This is a brilliant case study of someone using Customer Development, Pirate Metrics and Lean Startup principles to develop their startup.
If you’re not familiar with these three concepts, here are the 3 links you need:
- Steve Blank’s blog on Customer Development
- Startup Metrics for Pirates: AARRR! by Dave McClure
- Startup Lessons Learned by Eric Ries
And you should also consider buying Steve Blank’s book: The Four Steps to the Epiphany (aff)
The presentation is something you should bookmark (or bookmark this post) for future reference. If you’re in the midst of launching a startup, you’ve already launched, or you’re thinking about launching something, please do yourself a favor and check out this presentation and the additional resources provided. You’ll save yourself a considerable amount of pain and frustration.
To summarize Customer Development, Lean Startup and AARRR – Pirate Metrics, here’s what you need to know:
- Write out your key assumptions based on the problem you’re solving. There’s a very good chance your assumptions will be wrong, but if you don’t write them down succinctly and with some manner of thought behind them, you won’t be able to test against them properly.
- Think about a Minimum Viable Product (MVP). An MVP is the smallest possible product you can launch that people will pay for. I’m simplifying and generalizing (and there’s a ton more you should dig into), but do away with the waterfall strategy of building some robust, full-scale application before launching and instead get down to the real crux of things – what’s the smallest thing people will buy?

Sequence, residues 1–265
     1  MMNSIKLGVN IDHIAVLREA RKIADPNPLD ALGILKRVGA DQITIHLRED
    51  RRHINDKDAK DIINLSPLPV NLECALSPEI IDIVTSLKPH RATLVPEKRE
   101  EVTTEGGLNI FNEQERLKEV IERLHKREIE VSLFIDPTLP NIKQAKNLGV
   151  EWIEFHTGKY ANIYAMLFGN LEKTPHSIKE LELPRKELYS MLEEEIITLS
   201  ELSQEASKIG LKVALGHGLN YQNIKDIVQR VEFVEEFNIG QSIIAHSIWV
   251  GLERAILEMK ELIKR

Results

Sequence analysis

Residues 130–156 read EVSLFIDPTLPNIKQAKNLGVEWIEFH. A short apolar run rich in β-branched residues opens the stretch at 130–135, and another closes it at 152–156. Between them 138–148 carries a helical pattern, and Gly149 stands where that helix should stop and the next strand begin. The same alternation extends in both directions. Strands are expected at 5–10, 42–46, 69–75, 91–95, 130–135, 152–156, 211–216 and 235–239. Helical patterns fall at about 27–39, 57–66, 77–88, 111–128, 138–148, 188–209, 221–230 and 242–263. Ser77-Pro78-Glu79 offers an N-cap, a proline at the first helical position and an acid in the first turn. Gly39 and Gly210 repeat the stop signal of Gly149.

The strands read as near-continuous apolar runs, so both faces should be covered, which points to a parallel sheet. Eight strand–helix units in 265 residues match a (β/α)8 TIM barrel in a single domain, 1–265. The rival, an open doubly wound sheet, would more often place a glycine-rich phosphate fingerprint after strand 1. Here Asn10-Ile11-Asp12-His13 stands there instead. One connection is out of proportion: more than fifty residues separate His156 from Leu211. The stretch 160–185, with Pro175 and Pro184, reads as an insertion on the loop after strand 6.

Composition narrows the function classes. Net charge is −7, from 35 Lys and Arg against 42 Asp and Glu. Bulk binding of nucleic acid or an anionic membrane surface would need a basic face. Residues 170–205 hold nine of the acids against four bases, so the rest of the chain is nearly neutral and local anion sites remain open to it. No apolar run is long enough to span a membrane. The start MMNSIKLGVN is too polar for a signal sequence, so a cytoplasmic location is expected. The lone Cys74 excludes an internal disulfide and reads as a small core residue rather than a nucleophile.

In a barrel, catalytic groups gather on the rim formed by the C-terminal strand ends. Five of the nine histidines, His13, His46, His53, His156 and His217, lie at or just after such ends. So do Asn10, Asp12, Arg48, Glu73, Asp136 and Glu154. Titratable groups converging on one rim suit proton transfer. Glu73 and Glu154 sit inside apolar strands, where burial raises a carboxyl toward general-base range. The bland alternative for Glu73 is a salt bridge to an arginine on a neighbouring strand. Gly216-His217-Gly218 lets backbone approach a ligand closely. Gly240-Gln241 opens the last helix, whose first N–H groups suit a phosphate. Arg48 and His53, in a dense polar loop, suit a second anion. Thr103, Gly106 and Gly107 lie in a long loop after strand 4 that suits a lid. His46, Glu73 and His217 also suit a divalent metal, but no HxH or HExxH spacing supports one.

- Use actionable metrics for testing. A lot of metrics are just bullshit. They aren’t actionable; you can’t do anything with them. AARRR stands for: Acquisition, Activation, Retention, Referral, Revenue. You need actionable metrics that you can adjust your assumptions, product, and entire business on.
- Stay lean, learn to pivot. The concept of a pivot from Eric Ries is that you have to shift direction (sometimes quite substantially) with your product and/or business, but it must be grounded in learning.
The Customer Development process might seem tedious but it will save you a ton of headaches down the road. This overall approach might feel like an increased burden of planning and management, but these systems are in place to make sure you don’t head down a path that’s not going to generate the result you want: a successful startup.